Of course you reach out to your reading friends, ones you can trust regarding the author or genre in question. (If you don't, find some now — your life will be richer, and reading will get even more fun.)
You may have a professional critic or two whom you trust and (mostly) agree with, which is a nice way to add to your towering TBR pile.
You can accost the occasional stranger or two reading the book of interest — but if they snarl, back away slowly and don't take your eyes off them until their eyes have returned to the page.
Online? Think twice, and proceed with extreme caution if you dare venture in.
Back in the day, many readers believed online reviews were reliable, and a community of readers discussing books — in part because they themselves participated. Now, however, even honest readers and booksellers on the most "reliable" sites find themselves torpedoed by murky trolls salting the soil, making it harder for good reviewers to thrive.
I am discovering this as I peruse online reviews and comments about a book from time to time, looking for a general sense of reader response.
If I am not quite sold on a book that sounds interesting, I'll read one-star reviews to see if other readers identify problems I want to avoid, and possibly take them into consideration. Sometimes the bad review is more precise and detailed than the glowing ones. Sometimes, but not usually.
How do you differentiate an honest comment from a smear campaign? Check out the commenter's the time stamp, user name, and language dexterity (when present). If most reviewers don't leave comments, take that into consideration, too — lazy or troll? And are the reviews even for that book?
These are also good clues for identifying five-star trolls boosting a book or product: a book with 5,000 five-star reviews dropped in a few days doesn't always pass the smell test.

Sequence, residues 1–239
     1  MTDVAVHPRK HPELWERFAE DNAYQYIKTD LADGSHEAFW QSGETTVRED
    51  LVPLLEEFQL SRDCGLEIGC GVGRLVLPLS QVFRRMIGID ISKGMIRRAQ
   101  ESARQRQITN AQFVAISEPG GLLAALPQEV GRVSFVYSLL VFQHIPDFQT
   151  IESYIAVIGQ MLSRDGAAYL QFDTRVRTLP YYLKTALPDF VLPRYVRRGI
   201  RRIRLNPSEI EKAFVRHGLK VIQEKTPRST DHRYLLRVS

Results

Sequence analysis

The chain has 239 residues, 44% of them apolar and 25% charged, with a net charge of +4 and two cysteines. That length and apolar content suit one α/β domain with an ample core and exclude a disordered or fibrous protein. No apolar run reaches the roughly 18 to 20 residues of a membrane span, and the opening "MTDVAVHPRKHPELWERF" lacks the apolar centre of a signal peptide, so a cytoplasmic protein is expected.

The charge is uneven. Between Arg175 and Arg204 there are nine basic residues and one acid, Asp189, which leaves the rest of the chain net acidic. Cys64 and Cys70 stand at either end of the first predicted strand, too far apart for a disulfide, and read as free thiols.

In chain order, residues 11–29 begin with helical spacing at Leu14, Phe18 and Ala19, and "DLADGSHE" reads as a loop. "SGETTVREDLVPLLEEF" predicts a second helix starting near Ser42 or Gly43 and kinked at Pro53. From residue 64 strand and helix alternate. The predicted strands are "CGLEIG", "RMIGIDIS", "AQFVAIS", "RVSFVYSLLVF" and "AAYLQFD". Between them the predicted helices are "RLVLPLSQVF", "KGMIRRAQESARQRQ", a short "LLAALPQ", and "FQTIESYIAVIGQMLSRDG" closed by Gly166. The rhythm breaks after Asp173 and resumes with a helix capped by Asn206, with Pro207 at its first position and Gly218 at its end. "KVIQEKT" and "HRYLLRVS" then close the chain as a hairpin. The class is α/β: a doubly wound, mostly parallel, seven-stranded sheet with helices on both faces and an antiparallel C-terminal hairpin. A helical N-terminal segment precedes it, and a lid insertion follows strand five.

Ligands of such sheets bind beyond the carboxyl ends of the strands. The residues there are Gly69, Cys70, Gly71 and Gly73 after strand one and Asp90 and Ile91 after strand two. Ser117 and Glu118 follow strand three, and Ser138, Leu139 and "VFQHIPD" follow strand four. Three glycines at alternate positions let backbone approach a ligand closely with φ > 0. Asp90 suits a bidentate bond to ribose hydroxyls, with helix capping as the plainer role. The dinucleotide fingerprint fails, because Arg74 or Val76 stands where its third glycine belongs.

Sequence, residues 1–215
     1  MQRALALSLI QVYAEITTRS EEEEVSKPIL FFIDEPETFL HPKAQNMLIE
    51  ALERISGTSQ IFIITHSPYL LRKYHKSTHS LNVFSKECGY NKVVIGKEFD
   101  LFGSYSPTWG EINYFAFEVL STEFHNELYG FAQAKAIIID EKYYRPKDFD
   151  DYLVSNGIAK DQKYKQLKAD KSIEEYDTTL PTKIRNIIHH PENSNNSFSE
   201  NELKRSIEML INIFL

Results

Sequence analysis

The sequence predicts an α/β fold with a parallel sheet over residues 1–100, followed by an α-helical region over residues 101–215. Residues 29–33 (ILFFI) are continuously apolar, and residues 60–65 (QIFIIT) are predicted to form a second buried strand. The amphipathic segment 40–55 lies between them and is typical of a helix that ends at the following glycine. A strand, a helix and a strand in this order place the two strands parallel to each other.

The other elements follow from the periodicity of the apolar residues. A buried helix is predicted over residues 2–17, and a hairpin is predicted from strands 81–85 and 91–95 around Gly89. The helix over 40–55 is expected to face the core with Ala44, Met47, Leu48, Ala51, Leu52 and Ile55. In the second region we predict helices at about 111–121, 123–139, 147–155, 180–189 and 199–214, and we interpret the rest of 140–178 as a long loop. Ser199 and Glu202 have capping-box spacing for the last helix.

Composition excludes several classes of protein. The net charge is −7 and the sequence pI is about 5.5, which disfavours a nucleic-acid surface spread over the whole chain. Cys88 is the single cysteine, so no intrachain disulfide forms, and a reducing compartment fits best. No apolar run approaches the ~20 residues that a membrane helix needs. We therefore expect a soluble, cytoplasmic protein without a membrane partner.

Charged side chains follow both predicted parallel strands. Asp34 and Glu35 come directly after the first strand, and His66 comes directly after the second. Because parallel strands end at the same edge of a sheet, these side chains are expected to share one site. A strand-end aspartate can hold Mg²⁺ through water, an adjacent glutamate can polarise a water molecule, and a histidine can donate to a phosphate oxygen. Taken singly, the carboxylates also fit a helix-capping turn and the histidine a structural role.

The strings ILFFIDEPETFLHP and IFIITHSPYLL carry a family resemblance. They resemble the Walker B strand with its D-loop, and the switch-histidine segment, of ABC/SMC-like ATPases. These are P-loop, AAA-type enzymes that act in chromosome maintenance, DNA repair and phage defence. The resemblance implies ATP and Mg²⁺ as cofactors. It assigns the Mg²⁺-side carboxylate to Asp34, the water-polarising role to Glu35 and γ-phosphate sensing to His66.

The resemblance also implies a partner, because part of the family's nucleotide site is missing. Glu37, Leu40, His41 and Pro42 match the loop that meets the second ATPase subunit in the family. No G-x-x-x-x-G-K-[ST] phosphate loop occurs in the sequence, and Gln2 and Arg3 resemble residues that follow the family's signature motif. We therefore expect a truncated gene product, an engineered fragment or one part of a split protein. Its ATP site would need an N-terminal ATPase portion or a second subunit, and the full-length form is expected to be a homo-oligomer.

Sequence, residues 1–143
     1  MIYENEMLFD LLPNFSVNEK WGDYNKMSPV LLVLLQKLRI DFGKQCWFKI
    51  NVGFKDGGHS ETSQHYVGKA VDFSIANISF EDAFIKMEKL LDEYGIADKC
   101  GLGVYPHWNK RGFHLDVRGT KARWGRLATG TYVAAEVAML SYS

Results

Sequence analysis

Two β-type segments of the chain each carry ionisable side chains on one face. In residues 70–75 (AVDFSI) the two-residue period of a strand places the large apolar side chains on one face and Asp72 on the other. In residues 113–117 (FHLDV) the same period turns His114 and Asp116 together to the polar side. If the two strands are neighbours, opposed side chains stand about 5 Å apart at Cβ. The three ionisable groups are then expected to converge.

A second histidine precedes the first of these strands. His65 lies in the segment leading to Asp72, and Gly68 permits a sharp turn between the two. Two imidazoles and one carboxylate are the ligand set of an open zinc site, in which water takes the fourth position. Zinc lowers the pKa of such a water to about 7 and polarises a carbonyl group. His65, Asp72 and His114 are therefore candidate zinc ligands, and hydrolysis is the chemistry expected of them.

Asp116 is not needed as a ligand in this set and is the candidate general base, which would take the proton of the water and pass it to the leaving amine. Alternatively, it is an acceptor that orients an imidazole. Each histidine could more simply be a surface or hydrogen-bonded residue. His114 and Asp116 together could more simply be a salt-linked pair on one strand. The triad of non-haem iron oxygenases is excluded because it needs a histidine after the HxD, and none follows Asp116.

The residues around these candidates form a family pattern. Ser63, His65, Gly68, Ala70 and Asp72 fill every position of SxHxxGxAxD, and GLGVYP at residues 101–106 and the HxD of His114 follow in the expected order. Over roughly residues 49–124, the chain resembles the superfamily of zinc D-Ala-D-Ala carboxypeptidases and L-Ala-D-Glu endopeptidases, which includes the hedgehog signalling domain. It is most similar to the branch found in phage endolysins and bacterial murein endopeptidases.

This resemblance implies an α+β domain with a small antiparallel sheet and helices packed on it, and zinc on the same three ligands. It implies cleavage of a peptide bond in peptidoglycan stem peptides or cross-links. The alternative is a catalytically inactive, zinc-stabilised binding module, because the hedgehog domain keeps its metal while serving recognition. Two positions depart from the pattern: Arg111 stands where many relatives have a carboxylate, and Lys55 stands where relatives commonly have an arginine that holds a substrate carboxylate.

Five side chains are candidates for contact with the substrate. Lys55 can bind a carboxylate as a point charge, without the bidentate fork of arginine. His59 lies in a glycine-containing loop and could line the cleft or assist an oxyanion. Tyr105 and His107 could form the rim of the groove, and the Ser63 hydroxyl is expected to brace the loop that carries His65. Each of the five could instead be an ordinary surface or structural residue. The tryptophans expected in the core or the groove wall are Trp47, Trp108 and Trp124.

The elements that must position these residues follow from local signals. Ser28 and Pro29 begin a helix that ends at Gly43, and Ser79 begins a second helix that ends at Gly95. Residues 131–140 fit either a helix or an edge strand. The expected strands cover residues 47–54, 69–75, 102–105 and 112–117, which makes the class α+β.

And that's for books you haven't read yet. If you seek an online community of supportive readers who want to share ideas, remember: the Internet can be a bad and dangerous place if you have an opinion. Do not go there.
Literally: do not go to book reader or bookseller websites and read reviews that rate the book lower than you did, no matter how many people consider the reviews "helpful" or "relevant" — especially when you're in the Flush Of Book Enjoyment Upon Completion™.
After I read Educated, I rated it on Goodreads. (I wasn't ready to review it, but I wanted to mark it as "read" for my book list-keeping.) I found the book shocking, amazing, exhilarating, exhausting, draining, and well-written — and when rating it, I made the mistake of reading a lower-starred rating ranked as very "helpful."
The literate, smartly critical review questioned many of the elements I found so remarkable. (spoiler alert) The reviewer questioned Tara Westover's bravery that took her from the junkyard and gaslighting family to Cambridge and Harvard, and friends who wanted to help protect her from this abuse. The only thing trickier than writing an honest memoir is navigating the criticism questioning the memoir's honesty. This criticism is particularly insidious because of Westover's family causing what may be memory distrust syndrome. (spoiler alert ended)
I am a critical reader, and a natural skeptic. I investigate remarkable claims, especially those that stand to benefit someone financially and critically. The three-star review didn't provide any evidence, just skepticism. One person's opinion, indeed — and not at all helpful to me. Lesson learned: don't look for online arguments I don't want to launch.
I will always read skeptically and critically. I will review wide-ranging information from reliable resources, whether they are in my comfort zone or not. But I will judge critics and skeptics by equitable criteria, and use my best judgment on who is a trusted source.